Another European country is weighing the possibility of joining China's international infrastructure investment plan.
Malta, a small country in the Mediterranean that's part of the European Union, has indicated there's a possibility that it could join China's Belt and Road Initiative. In an exclusive interview, Edward Scicluna, the country's finance minister, said that "certain prejudices" should not come in the way of good business.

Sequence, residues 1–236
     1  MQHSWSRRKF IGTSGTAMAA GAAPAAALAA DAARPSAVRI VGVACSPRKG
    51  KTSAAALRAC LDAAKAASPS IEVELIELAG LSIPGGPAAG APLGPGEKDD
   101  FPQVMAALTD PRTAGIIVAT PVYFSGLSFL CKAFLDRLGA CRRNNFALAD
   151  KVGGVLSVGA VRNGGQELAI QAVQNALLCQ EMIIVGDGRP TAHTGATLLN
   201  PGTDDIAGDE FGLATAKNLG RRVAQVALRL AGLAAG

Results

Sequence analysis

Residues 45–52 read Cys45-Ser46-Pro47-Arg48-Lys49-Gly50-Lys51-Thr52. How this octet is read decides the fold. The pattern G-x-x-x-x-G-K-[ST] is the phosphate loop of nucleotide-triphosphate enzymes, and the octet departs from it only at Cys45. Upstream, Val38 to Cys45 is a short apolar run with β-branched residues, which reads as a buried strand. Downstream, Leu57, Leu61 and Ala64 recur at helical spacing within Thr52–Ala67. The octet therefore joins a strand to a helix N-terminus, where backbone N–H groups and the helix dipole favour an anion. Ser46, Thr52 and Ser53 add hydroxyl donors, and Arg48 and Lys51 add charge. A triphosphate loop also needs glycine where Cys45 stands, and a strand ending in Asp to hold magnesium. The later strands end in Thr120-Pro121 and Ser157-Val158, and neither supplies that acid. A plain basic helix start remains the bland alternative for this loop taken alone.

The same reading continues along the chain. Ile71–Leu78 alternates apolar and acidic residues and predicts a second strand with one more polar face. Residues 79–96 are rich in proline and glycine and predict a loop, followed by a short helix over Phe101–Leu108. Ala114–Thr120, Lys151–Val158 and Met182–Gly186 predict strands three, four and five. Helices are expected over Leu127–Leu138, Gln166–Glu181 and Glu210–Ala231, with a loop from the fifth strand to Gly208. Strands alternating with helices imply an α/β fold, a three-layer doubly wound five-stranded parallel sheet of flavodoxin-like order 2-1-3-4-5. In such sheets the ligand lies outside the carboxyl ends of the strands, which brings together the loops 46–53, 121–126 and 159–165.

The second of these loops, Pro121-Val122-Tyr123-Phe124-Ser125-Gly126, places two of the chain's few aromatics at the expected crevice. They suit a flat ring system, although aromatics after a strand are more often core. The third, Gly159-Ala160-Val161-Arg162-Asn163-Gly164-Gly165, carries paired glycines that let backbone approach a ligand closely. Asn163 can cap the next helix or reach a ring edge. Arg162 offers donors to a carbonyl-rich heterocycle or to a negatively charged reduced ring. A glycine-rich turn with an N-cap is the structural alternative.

"One has to be wary of any country, especially with political ambitions or any sort of ambitions, but that's life," Scicluna told CNBC in Brussels.
The Belt and Road scheme is meant to create a vast global network of land, sea and digital connections linking China with Southeast Asia, Central Asia, the Middle East, Europe and Africa. Critics say the unprecedented infrastructure plan will favor Chinese firms, boost Beijing's international influence and force developing nations to take on high debt burdens.